The pilgrims had walked all the way from Ely: it took them 57 hours, and when they arrived in Little Walsingham, Norfolk’s premier shrine town, most of them were shoeless. There were unworldly teenagers in tweed jackets and seven-year-old girls, heavily made up, from Irish traveller families. Bank holiday brings these itinerant acts of worship to the town, along with ice lollies, traffic jams and police vans.
One pilgrim was carrying a thin, portable Tannoy in a Karrimor rucksack. He sang Latin psalms in a high voice and as he did so, the 15th-century gates to the grounds of Walsingham Abbey swung open. This was unusual, the attached manor house being privately owned and out of public view for most of the year. My father and I, coffee and cake in hand, ducked into the slipstream behind the devoted to get a rare glimpse of the local des res.
On the grass, exhausted Catholics knelt awaiting their chance to kiss a statue of the Virgin that had been carried in on a small sedan. I moved past them, chewing on my cream horn, thinking what a great party venue this might be, and became more enraptured still when I arrived at a bucolic grove graced by a stream, with a tiny footbridge. I imagined it hung with fairy lights.
It was at this point that I felt a sharp pain on the fourth finger of my right hand and, looking down, saw a black-and-yellow abdomen pulsating there, hooked into my knuckle.
Another striped body was fixed in the fork of my thumb and forefinger. I shook my hand furiously but failed to dislodge them. Two pricks on my arm, and an upwards surge of fear seized me as I surveyed a moving, waspy sleeve.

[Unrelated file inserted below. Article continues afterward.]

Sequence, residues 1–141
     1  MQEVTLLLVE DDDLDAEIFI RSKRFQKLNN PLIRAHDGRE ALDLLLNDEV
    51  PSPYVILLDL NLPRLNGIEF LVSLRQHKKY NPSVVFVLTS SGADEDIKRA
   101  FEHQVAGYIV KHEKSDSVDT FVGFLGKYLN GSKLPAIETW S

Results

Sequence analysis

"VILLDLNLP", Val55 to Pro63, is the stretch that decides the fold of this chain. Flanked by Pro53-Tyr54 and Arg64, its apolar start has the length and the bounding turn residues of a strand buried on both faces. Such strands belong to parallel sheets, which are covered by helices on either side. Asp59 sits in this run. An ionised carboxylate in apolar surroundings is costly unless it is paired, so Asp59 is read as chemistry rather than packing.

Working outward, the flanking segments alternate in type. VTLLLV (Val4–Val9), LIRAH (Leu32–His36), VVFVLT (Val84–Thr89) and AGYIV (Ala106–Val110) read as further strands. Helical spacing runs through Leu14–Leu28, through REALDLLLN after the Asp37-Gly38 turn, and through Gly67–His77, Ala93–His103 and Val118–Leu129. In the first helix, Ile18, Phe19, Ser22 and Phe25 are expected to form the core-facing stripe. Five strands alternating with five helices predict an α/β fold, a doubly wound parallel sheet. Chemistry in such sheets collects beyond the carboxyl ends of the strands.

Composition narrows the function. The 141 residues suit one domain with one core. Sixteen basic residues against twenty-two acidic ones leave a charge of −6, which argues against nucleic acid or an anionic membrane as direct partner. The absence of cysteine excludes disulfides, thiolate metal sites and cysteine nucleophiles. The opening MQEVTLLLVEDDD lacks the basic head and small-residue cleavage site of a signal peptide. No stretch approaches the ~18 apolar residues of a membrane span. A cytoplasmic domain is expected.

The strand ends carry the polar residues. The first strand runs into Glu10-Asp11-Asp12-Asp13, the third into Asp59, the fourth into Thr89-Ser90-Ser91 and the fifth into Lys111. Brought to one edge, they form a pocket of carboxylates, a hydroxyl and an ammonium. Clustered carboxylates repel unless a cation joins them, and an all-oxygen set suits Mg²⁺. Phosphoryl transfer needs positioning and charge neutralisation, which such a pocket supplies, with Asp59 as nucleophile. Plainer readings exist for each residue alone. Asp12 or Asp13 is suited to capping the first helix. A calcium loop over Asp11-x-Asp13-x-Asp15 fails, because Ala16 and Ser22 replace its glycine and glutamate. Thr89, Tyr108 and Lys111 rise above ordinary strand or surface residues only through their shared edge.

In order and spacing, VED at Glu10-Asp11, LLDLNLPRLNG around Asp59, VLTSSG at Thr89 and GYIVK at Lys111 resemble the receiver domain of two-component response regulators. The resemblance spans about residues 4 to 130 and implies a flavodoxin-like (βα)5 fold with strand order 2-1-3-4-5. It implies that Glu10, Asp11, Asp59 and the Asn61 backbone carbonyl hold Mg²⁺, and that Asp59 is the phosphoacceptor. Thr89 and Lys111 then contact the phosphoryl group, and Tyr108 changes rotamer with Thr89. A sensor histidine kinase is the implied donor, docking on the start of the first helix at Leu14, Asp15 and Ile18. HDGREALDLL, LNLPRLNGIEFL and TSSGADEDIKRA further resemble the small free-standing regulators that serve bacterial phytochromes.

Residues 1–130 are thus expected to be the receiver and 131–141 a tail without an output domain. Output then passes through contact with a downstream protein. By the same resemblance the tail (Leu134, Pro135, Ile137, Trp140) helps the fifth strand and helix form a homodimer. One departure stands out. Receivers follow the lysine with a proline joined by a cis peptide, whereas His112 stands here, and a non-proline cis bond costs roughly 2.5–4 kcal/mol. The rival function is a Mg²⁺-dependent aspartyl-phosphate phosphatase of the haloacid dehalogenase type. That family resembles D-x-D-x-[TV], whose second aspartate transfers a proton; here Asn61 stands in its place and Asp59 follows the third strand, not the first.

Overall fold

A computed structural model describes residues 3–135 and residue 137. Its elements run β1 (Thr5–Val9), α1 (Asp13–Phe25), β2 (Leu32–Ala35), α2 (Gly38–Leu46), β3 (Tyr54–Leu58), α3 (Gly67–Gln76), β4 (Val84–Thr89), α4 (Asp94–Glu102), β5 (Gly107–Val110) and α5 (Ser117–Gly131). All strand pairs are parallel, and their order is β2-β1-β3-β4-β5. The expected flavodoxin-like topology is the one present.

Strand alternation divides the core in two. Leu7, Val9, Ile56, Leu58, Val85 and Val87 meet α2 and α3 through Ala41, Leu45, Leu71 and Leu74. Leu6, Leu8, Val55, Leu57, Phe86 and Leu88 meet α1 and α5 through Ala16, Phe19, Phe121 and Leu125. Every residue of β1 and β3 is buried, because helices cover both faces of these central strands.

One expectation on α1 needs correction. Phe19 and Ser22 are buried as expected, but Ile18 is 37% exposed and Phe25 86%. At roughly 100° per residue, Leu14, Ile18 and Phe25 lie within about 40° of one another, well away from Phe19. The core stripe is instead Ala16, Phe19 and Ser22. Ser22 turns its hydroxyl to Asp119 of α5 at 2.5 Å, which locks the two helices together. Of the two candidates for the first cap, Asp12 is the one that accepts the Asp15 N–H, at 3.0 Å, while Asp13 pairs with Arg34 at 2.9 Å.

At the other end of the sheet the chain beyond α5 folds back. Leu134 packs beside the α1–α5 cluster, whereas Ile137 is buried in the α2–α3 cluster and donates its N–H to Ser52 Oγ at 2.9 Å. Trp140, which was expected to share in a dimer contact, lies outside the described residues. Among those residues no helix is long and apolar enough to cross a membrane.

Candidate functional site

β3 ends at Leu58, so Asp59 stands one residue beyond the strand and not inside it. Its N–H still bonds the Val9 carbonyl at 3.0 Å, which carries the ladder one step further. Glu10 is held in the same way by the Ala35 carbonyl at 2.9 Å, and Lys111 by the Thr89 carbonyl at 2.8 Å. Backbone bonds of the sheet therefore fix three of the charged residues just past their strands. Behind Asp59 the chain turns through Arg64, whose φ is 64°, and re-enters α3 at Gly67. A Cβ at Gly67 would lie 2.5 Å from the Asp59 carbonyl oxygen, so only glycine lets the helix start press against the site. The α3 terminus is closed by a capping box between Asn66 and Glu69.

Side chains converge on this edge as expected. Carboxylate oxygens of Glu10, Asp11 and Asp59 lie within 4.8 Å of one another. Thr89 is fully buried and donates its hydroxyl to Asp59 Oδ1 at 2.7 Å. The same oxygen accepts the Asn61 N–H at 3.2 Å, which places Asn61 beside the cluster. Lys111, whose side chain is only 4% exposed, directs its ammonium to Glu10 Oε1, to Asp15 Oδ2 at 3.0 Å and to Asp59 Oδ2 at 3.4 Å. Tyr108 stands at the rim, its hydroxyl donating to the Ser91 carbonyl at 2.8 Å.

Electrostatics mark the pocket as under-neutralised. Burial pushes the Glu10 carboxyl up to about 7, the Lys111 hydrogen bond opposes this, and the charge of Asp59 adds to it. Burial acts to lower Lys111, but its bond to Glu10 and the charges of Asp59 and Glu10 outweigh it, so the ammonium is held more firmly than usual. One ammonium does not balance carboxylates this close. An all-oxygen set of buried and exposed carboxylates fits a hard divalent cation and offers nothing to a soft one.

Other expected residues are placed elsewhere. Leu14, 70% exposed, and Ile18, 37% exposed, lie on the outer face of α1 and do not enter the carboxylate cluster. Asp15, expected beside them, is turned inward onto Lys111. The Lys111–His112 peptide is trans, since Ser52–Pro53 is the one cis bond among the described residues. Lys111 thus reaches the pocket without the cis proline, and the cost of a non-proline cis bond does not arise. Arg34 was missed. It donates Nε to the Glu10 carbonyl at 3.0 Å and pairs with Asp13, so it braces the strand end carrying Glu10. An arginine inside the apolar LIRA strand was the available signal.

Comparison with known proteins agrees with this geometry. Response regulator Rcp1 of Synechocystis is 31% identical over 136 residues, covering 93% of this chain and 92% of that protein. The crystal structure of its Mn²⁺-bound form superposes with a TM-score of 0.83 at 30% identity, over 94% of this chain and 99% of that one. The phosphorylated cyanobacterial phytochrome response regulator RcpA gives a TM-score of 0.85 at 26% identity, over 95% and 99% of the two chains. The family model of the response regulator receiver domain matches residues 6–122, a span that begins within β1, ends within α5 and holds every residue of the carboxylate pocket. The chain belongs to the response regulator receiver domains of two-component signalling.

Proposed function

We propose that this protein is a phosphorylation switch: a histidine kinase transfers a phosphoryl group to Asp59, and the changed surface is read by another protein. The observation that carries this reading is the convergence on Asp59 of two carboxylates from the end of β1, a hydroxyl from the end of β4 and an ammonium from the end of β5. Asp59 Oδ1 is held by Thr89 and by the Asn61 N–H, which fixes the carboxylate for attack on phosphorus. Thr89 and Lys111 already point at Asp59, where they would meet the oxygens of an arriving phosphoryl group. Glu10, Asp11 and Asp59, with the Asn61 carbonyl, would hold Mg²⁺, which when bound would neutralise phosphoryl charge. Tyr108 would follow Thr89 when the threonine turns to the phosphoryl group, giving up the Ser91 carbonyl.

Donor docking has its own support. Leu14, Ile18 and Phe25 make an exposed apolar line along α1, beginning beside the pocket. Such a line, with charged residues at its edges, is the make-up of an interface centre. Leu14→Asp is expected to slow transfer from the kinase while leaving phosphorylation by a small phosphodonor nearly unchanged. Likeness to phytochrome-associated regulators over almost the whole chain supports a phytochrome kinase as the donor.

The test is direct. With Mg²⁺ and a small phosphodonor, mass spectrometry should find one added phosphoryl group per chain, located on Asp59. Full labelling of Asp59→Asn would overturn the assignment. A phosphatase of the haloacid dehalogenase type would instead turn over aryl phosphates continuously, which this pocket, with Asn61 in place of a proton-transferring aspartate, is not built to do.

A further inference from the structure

“Stand still,” said my father. “Don’t panic,” said two traveller ladies who had appeared in the bucolic grove.
It wasn’t what I’d imagined a wasp attack to be like. It was so quiet; they were too busy to buzz. All I could hear was Domine, Domine from the a cappella pastor and the disembodied sound of my
own exaggerated breathing.
Pain spread across my thighs as fifteen or twenty wasps worked hard to penetrate the fabric of my skirt. Half a dozen found a new point of entry through my T-shirt and stung along the length of my spine. Three more stung my throat.
I decided the clothes had to go. It seemed logical – though perhaps not to my growing audience. A family with young children arrived.
Down came the skirt. Off came the T-shirt. And weeping, mascara-streaked and wearing only knickers and bra like a girl in a torture porn movie, I tore through the forest as pilgrims appeared from left and right. They had sought serenity, but found a naked woman spinning like a dervish, trying to hurl insects from her back.
When I stopped running, my father was nowhere to be seen.
I later discovered he had stayed behind to fight. He smashed wasps with his boot and received four stings to the head. When I asked him why he hadn’t run, he said, “I figured you’d need your clothes back at some point.”
This article appears in the 14 Sep 2016 issue of the New Statesman, The fall of the golden generation